“Flight from the Ages” by Derek Kunskin pushes all the right buttons for me. It is the story of two conscious space ships who work for the Anglo-Spanish Plutocratic Bank as custom and tariffs ships. They are sent to investigate an area of increased tachyon production. The year is 3113 and tachyons can pass through time. In the first section the two of them let loose a weapon that will devour the universe if not stopped and one ship is 40% lobotomized and carried in the other ship back to the bank. Dating styles change but thousands of years follow as we see these two AI’s live and deal with what they have unleashed on the universe. Eons pass and suns are devoured and empires rise. They will be implemental in dealing with their situation but the how and why of this are what these mind-blowing SF sagas are for. Just what I like. Thanks, Mr. Kunskin!

“Of the Beast in the Belly” by C. W. Johnson is a clever pun on the usual phrase that fits completely for this SF story of a woman wanting revenge on a man who destroyed her whole family line. The story starts as she finally finds the man after many years of chasing him across the galaxy. He is renting out personal bathyspheres called ballrogs to explore the ocean depths. Janum rents one from him and makes him her guide. While beneath the ocean they are swallowed by a leviathan called an arcthant that can grow to five kilometers in length. In the third belly they find a small group of human survivors living off the eels and waste of the sea inside its belly. Whether revenge is gotten...who really is the beast in the belly…what it incurs for Janum and others is the heart of the story.

This is a good read. It is a well-thought out idea of the biblical Jonah story with some peaceful theology thrown in as well. That does not overwhelm the story as it did with “That Leviathan, Whom Thou Hast Made” by Eric James Stone from several years ago, and makes for a better story and less of a sermon. I liked this one. Well done, Mr. Johnson.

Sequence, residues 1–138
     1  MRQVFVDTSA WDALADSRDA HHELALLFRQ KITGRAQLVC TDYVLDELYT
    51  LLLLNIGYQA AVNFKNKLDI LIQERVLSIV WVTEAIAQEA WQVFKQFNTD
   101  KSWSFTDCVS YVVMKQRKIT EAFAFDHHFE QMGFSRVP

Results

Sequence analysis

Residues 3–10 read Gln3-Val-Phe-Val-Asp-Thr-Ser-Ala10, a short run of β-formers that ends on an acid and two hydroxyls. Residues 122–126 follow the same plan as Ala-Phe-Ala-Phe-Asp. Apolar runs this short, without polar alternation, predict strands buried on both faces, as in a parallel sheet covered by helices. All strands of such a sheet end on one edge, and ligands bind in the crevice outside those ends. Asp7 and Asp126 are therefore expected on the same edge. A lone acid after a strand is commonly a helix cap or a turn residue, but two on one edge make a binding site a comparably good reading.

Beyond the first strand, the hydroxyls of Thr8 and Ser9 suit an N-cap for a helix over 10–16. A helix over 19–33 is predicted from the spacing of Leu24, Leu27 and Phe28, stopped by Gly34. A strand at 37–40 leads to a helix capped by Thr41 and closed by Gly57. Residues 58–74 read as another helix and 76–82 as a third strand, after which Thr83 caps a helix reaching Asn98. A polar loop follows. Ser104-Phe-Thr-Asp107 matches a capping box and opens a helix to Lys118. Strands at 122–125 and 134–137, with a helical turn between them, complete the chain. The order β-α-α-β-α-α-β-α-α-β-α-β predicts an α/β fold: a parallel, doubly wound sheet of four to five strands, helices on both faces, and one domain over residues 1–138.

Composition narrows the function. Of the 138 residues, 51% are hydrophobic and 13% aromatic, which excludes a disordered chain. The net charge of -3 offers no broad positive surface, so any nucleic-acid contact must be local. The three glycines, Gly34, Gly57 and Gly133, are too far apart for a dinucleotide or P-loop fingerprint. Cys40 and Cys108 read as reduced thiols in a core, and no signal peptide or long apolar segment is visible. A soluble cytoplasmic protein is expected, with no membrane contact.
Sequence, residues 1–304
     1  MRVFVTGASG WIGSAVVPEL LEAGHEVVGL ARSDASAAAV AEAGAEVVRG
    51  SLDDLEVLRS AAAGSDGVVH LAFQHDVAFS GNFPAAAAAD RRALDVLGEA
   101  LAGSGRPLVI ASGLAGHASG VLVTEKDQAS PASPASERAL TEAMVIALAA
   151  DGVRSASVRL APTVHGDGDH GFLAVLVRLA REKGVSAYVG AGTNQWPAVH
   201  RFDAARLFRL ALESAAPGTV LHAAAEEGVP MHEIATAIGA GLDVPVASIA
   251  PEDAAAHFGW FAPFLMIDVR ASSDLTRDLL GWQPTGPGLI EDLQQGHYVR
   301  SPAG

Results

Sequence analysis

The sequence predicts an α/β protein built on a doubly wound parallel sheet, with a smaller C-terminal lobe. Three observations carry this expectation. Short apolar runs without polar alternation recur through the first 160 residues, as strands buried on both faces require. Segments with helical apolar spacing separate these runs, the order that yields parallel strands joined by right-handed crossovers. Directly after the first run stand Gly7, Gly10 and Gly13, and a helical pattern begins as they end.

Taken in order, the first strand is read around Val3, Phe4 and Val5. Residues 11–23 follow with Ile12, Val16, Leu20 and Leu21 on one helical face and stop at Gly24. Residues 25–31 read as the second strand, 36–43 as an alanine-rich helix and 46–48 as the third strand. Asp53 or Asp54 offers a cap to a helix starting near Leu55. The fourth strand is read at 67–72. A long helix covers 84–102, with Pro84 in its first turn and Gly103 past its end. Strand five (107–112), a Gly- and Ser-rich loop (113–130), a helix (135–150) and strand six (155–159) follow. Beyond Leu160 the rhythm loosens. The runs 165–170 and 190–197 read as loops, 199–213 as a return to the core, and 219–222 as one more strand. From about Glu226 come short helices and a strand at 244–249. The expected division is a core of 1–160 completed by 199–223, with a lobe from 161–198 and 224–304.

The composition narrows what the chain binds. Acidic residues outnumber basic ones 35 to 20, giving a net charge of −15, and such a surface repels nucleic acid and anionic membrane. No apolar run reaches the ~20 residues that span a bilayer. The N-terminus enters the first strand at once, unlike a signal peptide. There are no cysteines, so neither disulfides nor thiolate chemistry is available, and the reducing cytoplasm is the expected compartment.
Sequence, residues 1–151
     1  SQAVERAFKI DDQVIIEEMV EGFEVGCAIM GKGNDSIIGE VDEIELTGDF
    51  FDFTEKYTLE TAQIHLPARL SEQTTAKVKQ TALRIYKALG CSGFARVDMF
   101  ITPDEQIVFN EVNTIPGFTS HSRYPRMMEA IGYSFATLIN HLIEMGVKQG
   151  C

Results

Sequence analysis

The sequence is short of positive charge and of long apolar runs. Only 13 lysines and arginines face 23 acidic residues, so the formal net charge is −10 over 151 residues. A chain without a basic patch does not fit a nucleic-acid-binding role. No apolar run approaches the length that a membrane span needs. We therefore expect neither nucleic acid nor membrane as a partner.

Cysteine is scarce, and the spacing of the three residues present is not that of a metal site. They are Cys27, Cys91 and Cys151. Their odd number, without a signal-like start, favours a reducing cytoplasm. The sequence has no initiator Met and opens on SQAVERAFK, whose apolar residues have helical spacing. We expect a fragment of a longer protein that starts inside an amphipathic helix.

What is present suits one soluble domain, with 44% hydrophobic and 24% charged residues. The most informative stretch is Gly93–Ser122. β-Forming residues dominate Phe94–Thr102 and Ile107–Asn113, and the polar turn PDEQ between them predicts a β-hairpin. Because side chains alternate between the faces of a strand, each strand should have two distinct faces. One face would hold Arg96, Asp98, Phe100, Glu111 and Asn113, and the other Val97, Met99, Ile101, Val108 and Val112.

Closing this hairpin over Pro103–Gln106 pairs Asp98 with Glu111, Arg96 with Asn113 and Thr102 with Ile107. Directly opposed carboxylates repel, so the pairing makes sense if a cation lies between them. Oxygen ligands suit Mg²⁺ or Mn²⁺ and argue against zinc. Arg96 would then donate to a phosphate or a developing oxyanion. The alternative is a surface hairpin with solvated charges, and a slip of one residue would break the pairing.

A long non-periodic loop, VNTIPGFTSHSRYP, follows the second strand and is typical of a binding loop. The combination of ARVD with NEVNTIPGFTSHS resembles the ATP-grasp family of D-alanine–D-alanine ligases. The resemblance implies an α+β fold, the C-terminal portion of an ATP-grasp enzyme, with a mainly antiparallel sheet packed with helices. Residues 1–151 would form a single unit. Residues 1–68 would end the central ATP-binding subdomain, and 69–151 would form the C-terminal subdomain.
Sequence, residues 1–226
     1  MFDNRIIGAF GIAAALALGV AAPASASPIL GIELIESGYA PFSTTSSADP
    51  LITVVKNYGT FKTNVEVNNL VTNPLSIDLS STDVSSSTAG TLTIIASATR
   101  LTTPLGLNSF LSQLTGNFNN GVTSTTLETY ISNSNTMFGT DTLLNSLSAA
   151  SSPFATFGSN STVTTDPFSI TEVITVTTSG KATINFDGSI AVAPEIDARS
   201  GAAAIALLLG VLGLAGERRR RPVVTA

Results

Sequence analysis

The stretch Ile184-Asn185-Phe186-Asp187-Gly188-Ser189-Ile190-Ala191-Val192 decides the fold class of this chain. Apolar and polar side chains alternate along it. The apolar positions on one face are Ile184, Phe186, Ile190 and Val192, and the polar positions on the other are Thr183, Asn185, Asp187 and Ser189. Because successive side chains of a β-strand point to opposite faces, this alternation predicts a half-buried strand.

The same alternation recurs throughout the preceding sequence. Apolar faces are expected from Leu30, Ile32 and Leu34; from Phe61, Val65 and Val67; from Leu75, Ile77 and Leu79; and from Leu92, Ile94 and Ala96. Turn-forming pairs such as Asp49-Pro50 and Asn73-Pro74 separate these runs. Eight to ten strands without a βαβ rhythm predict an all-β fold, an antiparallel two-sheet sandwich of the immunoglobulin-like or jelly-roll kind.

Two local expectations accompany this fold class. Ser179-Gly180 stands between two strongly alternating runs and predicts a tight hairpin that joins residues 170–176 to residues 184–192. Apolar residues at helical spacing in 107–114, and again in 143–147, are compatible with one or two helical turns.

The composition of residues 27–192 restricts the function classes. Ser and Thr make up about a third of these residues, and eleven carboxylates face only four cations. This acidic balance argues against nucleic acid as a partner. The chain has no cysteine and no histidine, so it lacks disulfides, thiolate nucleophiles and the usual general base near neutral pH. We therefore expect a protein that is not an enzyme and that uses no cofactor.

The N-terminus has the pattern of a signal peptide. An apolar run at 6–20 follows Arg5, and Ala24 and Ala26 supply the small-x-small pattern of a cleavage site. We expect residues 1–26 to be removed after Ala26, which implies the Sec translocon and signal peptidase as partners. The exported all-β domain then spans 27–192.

The final short is by Esther M. Friesner. She was the recipient of a Nebula award a number of years back and this one is again strong enough to put her into that category. The title “Woman in the Reeds” immediately brings up Judeo-Christian stories as it is set in Egypt on the Nile during the slavery of the Jews. The lead character, who is never named, pretends to madness so she will be left alone to gather bones along the Nile that she believes call out to her. These are the bones of her baby that she begat by way of rape, and ended with the child’s murder by a soldier of Egypt. She gathers these bones hoping that she will find them all and be able to bring back her daughter as the goddess Isis did for her brother-husband Osiris after Set the destroyer killed him. She instead is visited by Set himself.

This short but very full story deals in castes of various kinds, the power or non-power the weak have over the strong, including savage rape and murder, as well as the Egyptian pantheon and the Biblical story that undergirds it all. The beliefs of the author are not made manifest, thankfully. This is a story that is open to many interpretations and should be read many times.

“Lazy Dog Out,” the novella of this issue, is again space SF but much closer to home. Khifi, known as Fox, is a tug pilot on Tandou moon station orbiting Guratahan Sfazil. Khifi has risen from the lowers of the station and has reached the position of pilot, has a loving wife who is a famous artist and helps the lowers as much as she can while remembering her roots. The story concerns a plan based on greed to rid the ship of all lowers by implicating them in an “Earthers first” campaign to destroy all aliens. It is a battle of wits, pure adrenalin, and an eventual space battle. But Suzanne Palmer, like Ms. Rusch in this issue, makes all this seem all the more important to the reader because of the characters involved. Khifi herself, her wife and her work partners, not to mention the lowers all become startlingly real to us. Again, if all military SF were written like this I would be reading a lot more of it.

So, some definite winners this issue along with some stories containing good ideas less than successfully handled, but nothing unreadable or not worth your time.